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What It Means To Hire For ‘Culture Fit’ And How To Do It Well 

Finding and hiring the right person can be one of the most challenging aspects of running a business. Most hiring managers recognise the difficulty and skill it takes to find the right employee for their businesses. A person with the right combination of previous work history and career experience plus a willingness to learn new things is necessary for long-term success.

Aside from the hard skills that an ideal new employee must have, there are also soft skills that make a real difference in ultimate success. These include, for example, communication and teamwork skills, without which no employee can be expected to do well in the increasingly collaborative working environment in today’s business world. But there is another aspect that is a little less tangible to pick up on during the hiring process, even though it is equally as important: the cultural fit. Cultural fit is the idea that the candidate has the personality and social skills to work well with other current employees, bring and incorporate new ideas in a way that benefits everyone in and outside the company.

Benefits Of A Thriving Culture

The benefits of a thriving company culture are well documented amongst numerous workplaces. Some experts even believe that a quality company culture is more important than long-term production strategies. After all, a group that works well together is going to be able to come up with creative solutions and collaborate to get them done at an unprecedented rate.

Taking the time to cultivate a strong company culture pays off for employers, as a strong company culture gives the brand more of a backbone. Advertising a favourable company culture will not only attract potential investors but also attract talented candidates. Many people want to work for a company that gives them pride and something more than a paycheck and many employees are even willing to turn down high paying jobs due to poor company culture.

All of this ultimately translates into a workplace that people want to be at. Not only do companies with a great culture attract the best young talent, they also have much higher rates of long-term retention. Diverse teams that have been together for a while can work more productively together and produce the highest quality work all around.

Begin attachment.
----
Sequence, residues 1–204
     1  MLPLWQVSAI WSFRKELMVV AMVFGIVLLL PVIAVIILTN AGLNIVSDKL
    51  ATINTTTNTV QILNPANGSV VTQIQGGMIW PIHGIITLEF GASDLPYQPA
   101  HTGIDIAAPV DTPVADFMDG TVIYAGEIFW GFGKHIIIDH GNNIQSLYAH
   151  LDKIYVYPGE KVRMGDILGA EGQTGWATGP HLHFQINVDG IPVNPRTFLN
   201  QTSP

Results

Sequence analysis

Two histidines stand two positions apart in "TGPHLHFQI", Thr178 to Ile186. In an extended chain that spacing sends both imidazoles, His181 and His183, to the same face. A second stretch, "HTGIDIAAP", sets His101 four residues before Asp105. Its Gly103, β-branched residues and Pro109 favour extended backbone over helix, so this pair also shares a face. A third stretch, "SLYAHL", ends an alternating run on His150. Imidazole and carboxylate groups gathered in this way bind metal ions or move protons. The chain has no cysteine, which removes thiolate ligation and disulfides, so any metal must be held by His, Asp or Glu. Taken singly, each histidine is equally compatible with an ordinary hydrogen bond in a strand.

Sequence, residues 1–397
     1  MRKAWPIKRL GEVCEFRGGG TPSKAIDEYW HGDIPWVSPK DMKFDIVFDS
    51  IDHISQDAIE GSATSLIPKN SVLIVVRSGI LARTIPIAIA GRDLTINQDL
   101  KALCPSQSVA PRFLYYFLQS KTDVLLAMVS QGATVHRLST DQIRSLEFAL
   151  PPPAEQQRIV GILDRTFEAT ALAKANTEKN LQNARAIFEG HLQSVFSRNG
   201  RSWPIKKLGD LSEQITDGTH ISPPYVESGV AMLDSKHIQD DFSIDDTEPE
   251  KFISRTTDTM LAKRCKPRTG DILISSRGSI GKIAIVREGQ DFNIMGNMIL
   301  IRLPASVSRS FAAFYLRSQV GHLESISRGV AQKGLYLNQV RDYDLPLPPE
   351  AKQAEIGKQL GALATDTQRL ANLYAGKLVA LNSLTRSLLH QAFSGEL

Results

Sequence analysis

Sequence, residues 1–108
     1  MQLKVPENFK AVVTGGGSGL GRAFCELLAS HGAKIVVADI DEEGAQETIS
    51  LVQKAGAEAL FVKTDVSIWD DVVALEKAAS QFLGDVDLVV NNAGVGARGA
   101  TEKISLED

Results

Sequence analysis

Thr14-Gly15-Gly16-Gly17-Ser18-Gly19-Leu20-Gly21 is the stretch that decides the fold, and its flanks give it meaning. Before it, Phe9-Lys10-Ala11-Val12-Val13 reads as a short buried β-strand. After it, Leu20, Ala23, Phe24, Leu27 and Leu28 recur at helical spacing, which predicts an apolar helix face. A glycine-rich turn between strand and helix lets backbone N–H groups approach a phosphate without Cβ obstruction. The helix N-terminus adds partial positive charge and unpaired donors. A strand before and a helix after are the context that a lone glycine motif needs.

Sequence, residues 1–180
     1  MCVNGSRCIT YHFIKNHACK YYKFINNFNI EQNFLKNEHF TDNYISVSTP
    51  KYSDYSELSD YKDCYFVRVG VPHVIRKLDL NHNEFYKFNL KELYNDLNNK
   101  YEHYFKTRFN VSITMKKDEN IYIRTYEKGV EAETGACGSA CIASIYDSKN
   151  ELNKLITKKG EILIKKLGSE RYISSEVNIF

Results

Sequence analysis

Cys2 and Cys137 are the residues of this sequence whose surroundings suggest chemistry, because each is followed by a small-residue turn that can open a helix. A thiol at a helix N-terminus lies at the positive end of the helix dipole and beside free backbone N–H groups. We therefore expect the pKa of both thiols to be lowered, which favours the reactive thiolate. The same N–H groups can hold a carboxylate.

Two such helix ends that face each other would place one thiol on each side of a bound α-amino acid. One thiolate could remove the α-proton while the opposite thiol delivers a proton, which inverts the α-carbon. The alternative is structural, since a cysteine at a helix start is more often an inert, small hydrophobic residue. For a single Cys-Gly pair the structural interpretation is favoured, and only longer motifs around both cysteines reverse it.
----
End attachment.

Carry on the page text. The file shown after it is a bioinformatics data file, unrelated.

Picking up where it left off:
Defining Company Values

Although the benefits of good company culture are numerous, it’s easier said than done. How does a company even start to create a company culture let alone broadcast it and encourage applications from prospective employees that will have a solid cultural fit?

The first step in this process involves clearly defining the company’s values. Figure out what it is that the company stands for and make sure that every company action speaks to these values. Holding employees and the rest of the company accountable to these values is essential in creating a productive company culture.

Essential core values of a company should be broadcasted for everyone to see, including prospective employees. This means doing things like dedicating an entire page on the company’s website to explaining the list of core values and how the company works to achieve them, as well as mentioning them in the career section of the website and in other company content marketing strategies.

Making these values a focal point of the company and mentioning them whenever possible should send a message to potential employees that cultural fitness will be something interviewers are looking for. Candidates can also illustrate their qualifications for being a good cultural fit through their resume. However, you should also look for a culture fit qualifications in further steps of the hiring process as well.

The Right New Employee

The interview process is a critical part of determining whether or not a potential employee will have the right cultural fit for the company and interview questions can be strategically designed to gauge the qualities of a candidate’s cultural fit. For example, asking them to describe an ideal working environment can help identify whether or not the company’s environment would be a good fit.

Another example of a cultural fit question would be to ask a candidate how they collaborate with others. Effective collaboration is essential to nearly every team environment and it is a foundational part of strong company culture. Ask questions that garner candidates’ communicative skills, how receptive candidates are to new ideas and how they would handle workplace disagreements.

In the age of Covid-19, it is also necessary to consider how a potential employee will handle the changes in the workplace that occurred during the pandemic. For instance, will they fit in with the remote culture that has recently developed? Will they be able to communicate and work with fellow employees that they may not meet in person for months? Hiring with these questions in mind is vital in careers where remote work can seriously impact the company’s culture.

Hiring for culture fit in the workplace can be challenging when it comes to determining who does and doesn’t have it. Be sure to make the workplace culture a focal point on the company’s website and application process and design interview questions to try to get at these qualities to better determine if a candidate will be right for the company. Making the right decision can greatly boost company culture and is well worth the effort.

Author: Beau Peters is a creative professional with a lifetime of experience in service and care. As a manager, he’s learned a slew of tricks of the trade that he enjoys sharing with others who have the same passion and dedication that he brings to his work. When he is not writing, he enjoys reading and trying new things.

Photo credits: pixabay.com


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